Be yourself. Be true to you. Don’t try to be someone else. Don’t put on false airs. Be authentic.
Most leaders hear this advice but don’t know what it means, what to do about it, or how it impacts everyday life in the office.
Becoming an authentic leader is more than a lofty goal. It’s an essential part of your effectiveness. My own experience is that it’s often authenticity that sets the great leaders apart. We don’t always know why we are inspired by certain individuals, but I think it is this characteristic that appeals to us at a deep level.
To learn more about this subject, I read Karissa Thacker’s terrific new book, The Art of Authenticity: Tools to Become an Authentic Leader and Your Best Self. Karissa is the founder and president of Strategic Performance Solutions. She is a management psychologist, focusing on human performance and satisfaction at work. I recently asked her to share some thoughts about her work on authenticity.
What I particularly like about her new book is that, as the subtitle of the book suggests, she provides tools to help with the goal.
Lead with Authenticity
How would you define authenticity in leadership?
Both authenticity and leadership are important in defining authentic leadership. Leadership is about getting things done that are both difficult and important in the context of a specific organization or more broadly any human community. Authenticity adds another layer which is being true to your own nature AS you are getting things done that are difficult and important.
What’s the relationship between authenticity and leadership?
Our typical way of thinking about authenticity is to just be yourself, and it will all turn out better. Of course, be yourself. It sounds so simple. The first problem with that is you are not that simple. We humans are just not that simple. There is no one solid self like a concrete block. Our hardwired adaptive traits as humans mean that we behave differently under different situations and circumstances. Leadership requires this adaptability. But you have to find ways to communicate who you are as you are leading effectively. More importantly, you have to figure out ways to stay in touch with what is important to you as you are in the thick of getting things done. Paying attention to the inner game and outer game at the same time is a lot easier said than done. Said another way, it is easier to just be authentic or just figure out how to get things done that are difficult and important. But the daily question is how do we do both at the same time?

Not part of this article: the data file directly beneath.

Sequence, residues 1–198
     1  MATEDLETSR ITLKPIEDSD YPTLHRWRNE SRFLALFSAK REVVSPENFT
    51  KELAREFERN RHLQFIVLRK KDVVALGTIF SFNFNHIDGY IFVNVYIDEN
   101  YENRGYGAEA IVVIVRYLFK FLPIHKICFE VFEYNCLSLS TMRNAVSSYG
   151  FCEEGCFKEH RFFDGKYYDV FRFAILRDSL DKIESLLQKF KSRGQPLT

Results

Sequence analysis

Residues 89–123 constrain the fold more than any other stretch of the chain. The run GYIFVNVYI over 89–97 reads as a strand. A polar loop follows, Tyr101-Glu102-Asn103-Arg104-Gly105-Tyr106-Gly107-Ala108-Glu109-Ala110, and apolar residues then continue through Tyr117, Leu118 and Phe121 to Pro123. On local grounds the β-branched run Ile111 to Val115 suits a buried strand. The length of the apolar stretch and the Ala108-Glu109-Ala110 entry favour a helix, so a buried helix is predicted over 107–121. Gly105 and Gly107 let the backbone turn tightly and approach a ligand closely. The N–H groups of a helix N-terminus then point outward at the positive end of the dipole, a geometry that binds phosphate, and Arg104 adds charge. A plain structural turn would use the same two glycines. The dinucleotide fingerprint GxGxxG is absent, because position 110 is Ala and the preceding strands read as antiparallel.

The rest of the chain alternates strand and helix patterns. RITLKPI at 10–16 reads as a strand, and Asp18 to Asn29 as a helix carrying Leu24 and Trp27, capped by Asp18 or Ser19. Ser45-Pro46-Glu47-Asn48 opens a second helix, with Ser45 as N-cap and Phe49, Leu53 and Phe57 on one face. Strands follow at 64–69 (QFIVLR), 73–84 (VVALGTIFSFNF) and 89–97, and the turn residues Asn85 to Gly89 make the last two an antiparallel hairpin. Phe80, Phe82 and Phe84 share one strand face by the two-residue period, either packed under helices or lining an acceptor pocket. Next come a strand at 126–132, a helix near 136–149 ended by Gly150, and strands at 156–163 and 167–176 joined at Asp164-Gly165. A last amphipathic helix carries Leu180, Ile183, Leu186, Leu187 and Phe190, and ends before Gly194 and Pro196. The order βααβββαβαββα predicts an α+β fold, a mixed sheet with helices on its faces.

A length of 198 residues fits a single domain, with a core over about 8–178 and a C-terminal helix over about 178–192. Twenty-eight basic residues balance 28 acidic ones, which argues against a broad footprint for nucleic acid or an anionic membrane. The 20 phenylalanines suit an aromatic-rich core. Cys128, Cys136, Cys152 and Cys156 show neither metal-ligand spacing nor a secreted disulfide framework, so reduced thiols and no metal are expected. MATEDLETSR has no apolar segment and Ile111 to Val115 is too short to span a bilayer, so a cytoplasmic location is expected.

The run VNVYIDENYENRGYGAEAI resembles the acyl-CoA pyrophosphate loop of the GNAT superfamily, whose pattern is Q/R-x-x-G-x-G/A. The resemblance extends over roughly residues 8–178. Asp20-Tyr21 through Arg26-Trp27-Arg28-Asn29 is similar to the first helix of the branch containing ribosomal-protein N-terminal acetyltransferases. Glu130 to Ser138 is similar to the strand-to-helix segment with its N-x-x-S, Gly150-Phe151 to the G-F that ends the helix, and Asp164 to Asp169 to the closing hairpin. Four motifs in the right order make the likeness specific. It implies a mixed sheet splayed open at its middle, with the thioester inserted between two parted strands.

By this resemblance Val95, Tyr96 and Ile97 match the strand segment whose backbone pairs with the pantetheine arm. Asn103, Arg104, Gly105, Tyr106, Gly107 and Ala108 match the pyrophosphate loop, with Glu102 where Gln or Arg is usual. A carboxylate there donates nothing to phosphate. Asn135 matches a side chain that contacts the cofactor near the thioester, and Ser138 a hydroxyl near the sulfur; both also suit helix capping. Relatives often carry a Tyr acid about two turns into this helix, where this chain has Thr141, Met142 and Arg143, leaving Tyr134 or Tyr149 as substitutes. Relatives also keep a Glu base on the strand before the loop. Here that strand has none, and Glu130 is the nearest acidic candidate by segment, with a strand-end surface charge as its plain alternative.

Why do you think there is currently so much interest in leadership authenticity?
Trust in big institutions like our government here in the US is low. I also think that the modern era poses some challenges with upping the ante on aspects of authenticity like transparency. Like it or not, we are in an age of transparency. The boundaries between private life and work or with private life in general are not what they used to be.
Leadership is never a value-neutral concept. To say someone is a leader means we have high expectations. A lot of this interest comes down to people wanting our leaders to step up and make things happen that are good for the whole. Any robust discussion of authenticity takes you fully into the thicket of human moral psychology as authenticity is so not a value-neutral construct.
Jim Carrey’s movie Liar Liar immediately came to mind when I read your Truth Serum Question. Would you share this exercise with us?
Imagine that everyone in your workplace has had a powerful truth serum and everything they think unfiltered will come out of their mouths tomorrow.
I use that question with clients to point out just how impractical the notion of being totally honest all the time is. It is not just impractical but probably harmful and definitely not conducive to maximum productivity. Then we can talk about creating norms and enabling conditions in which honest conversations can happen about things that really matter.